Margarita’s: Immigrant owners give back to the community
With Cinco de Mayo just around “la esquina,” one Marco Island woman wanted to give props to a family of Mexican immigrants who have done a lot to help the people residing in their adopted country.
Ismail and Diana Perez, proprietors of Margarita’s in the Marco Town Center, work full-time (and then some) running their Mexican restaurant. But they are cognizant of their fortune to be owners of a thriving business, and stepped forward to give of their time, their talents – and their food – in the days after Hurricane Irma.
Island resident Colleen Mescall contacted the Eagle to help get out the word on the Perez’s good deeds, including son Edgar as well as Ismail and Diana.
“After Hurricane Irma, the Perez family donated a huge lunch to the people of Goodland,” Mescall wrote, “followed by another on Isles of Capri, and finally to the people of Everglades City. They both prepared and delivered all the food.”
Nancy Anderson, who organized the Isles of Capri “block party” last September, couldn’t say enough about their appreciation of the food delivery.
“We hoped they would let us pick up some prepared stuff, but Diana said no, they would bring full platters, all fresh. Ismail is so passionate about the food he cooks,” remembered Anderson. “Some of us hadn’t had a hot meal for a week” with power out in the storm’s aftermath.
Mescall was especially impressed by Edgar Perez, 22, a pre-law student at FGCU, who made a very personal sacrifice.
“I met Edgar Perez at the YMCA when he was 16. He was a really shy kid with the most beautiful dark curly hair – ringlets to be specific,” she said. “A few days ago, Edgar walked into the Y and all his curls were gone. He checked with a charity and grew his a little longer so he could donate it. He had that hair since he was 12 years old!”
Edgar donated his ringlets to Locks of Love, a public non-profit organization that provides hairpieces to financially disadvantaged children in the United States and Canada under age 21 suffering from long-term medical hair loss from any diagnosis. He seemed embarrassed by any attempt to make a big deal out of his gift, saying it “just seemed like the right thing” to do.
Margarita’s also donated to the recent YMCA Giving Tree dinner, for students of Manatee, Parkside, and Everglades City students and their families. Mescall is an organizer of that event.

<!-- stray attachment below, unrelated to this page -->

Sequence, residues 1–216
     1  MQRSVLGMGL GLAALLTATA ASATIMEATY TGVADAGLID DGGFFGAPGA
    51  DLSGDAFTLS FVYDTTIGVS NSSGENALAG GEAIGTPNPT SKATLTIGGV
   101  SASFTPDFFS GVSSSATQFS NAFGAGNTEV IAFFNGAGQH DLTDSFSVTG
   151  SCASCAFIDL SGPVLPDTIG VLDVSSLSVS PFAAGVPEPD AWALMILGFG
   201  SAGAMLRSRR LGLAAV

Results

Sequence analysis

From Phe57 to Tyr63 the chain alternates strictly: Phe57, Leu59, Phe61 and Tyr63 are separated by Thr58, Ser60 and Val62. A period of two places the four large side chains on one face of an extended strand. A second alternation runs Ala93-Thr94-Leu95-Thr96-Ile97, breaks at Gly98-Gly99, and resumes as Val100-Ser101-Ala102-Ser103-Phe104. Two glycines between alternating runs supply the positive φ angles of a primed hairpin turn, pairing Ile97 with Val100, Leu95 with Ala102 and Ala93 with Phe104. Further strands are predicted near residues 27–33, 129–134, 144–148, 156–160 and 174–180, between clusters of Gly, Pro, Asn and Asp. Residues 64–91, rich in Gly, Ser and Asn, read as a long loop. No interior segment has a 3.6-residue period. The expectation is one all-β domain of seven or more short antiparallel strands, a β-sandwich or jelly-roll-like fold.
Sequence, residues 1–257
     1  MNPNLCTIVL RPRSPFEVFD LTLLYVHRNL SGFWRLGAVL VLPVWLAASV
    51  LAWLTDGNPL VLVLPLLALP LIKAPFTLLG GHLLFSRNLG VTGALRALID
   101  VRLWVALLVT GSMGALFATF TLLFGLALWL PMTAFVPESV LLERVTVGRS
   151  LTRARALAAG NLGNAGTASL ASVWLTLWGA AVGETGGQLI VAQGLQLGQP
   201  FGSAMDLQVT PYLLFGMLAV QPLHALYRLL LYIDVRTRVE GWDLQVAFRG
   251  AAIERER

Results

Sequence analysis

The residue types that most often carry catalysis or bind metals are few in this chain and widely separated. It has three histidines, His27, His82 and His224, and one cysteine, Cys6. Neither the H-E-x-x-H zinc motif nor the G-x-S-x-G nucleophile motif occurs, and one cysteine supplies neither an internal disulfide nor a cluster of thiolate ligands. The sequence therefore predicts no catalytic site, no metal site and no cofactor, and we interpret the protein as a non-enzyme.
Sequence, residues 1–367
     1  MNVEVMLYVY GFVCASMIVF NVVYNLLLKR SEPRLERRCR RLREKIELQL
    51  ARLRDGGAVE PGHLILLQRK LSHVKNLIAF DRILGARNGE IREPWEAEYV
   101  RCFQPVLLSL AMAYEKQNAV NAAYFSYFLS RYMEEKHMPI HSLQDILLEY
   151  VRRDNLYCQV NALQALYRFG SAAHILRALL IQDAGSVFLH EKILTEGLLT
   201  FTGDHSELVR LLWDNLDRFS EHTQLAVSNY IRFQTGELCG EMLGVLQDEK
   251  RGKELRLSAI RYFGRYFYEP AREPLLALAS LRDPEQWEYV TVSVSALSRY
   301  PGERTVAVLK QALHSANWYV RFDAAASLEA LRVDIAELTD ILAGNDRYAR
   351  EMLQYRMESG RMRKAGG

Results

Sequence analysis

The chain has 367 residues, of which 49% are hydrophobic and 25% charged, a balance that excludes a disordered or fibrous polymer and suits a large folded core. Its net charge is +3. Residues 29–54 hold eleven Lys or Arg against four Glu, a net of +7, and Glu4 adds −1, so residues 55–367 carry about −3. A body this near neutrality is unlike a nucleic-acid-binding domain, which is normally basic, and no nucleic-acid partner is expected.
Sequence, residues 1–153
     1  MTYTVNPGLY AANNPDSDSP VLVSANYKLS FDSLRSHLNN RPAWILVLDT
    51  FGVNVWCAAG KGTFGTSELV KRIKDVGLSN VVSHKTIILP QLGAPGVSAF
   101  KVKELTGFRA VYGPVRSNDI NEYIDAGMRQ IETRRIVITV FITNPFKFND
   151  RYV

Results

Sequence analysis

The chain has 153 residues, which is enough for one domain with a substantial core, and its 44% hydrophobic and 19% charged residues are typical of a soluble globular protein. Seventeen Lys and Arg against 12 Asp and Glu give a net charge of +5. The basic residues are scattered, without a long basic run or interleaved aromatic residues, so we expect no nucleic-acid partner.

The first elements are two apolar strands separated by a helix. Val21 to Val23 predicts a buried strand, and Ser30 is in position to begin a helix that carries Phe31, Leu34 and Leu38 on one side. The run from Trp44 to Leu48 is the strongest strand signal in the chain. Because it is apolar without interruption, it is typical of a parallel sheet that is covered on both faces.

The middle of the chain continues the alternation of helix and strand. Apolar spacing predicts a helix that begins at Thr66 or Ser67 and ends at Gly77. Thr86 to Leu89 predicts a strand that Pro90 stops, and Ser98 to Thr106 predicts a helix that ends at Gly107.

“They never asked for any recognition,” she said. “In this current political climate, I thought you might want to recognize that the Perezes are immigrants – hardworking, charitable, and have raised a son who is a great student and a kind and charitable kid.”
“We never asked for help from the government,” said Diana Perez. “We have two kids who are U.S. citizens.” Edgar’s sister Elizabeth also works at Margarita’s. “It’s a shame what’s happening with immigration law right now. We learned to love this country and our country.
“I feel so blessed. I can work and supply for my family. When the hurricane happened, your vision changed. When we left before the storm … you don’t know what you will find” on your return. “We wanted to give back to the community we have received so much from,” said Diana Perez.
Cinco de Mayo starts early at Margarita’s, with a mariachi band scheduled for 6-9 p.m., Friday, what you might call Cinco Eve. They will also have live music on the actual Cinco de Mayo evening.
Diana Lopez did want to clear up one misperception many Americans have about Cinco de Mayo, though. For those who have forgotten their junior high Spanish, Cinco de Mayo means “the fifth of May,” and many north-of-the-border folks assume that, like the Fourth of July, the day celebrates Mexican independence.
“Everyone thinks it’s Independence Day,” said Lopez. “But Mexican Independence Day is in September. Cinco de Mayo is actually the day of the Battle of Puebla,” where Mexican forces triumphed over a French army.
Cinco de Mayo or not, you can find authentic Mexican dishes at Margarita’s. They offer tacos, tamales, enchiladas, “famous” burritos, “sizzling” fajitas, rellenos and camarones (shrimp) as well as salads for lighter or veggie appetites.
The restaurant has a wide selection of tequilas, to make the signature cocktail that gives the restaurant its name. They range from the familiar Cuervo and Patrón to exotic super-premiums that go for $50 a shot. And if you’re going to sip a Margarita, where better to do so than the restaurant that’s named for them? If you order a jalapeño Margarita, just be prepared for some heat.
If you go
1069 N. Collier Blvd. (Marco Town Center)
Open seven days